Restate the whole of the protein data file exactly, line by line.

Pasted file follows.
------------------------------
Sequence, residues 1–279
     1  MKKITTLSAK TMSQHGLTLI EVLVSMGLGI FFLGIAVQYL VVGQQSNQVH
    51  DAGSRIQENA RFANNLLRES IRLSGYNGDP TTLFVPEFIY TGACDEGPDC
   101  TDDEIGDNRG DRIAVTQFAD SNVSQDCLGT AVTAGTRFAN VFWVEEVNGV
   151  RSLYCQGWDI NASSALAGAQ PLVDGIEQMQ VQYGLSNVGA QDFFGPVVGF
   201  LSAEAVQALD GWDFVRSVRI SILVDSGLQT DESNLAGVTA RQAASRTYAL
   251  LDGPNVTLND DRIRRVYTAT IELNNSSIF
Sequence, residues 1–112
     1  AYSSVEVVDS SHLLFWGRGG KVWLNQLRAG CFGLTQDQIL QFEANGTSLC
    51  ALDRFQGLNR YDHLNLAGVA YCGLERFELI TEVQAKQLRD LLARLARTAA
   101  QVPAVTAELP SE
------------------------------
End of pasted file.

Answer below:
Sequence, residues 1–279
     1  MKKITTLSAK TMSQHGLTLI EVLVSMGLGI FFLGIAVQYL VVGQQSNQVH
    51  DAGSRIQENA RFANNLLRES IRLSGYNGDP TTLFVPEFIY TGACDEGPDC
   101  TDDEIGDNRG DRIAVTQFAD SNVSQDCLGT AVTAGTRFAN VFWVEEVNGV
   151  RSLYCQGWDI NASSALAGAQ PLVDGIEQMQ VQYGLSNVGA QDFFGPVVGF
   201  LSAEAVQALD GWDFVRSVRI SILVDSGLQT DESNLAGVTA RQAASRTYAL
   251  LDGPNVTLND DRIRRVYTAT IELNNSSIF
Sequence, residues 1–112
     1  AYSSVEVVDS SHLLFWGRGG KVWLNQLRAG CFGLTQDQIL QFEANGTSLC
    51  ALDRFQGLNR YDHLNLAGVA YCGLERFELI TEVQAKQLRD LLARLARTAA
   101  QVPAVTAELP SE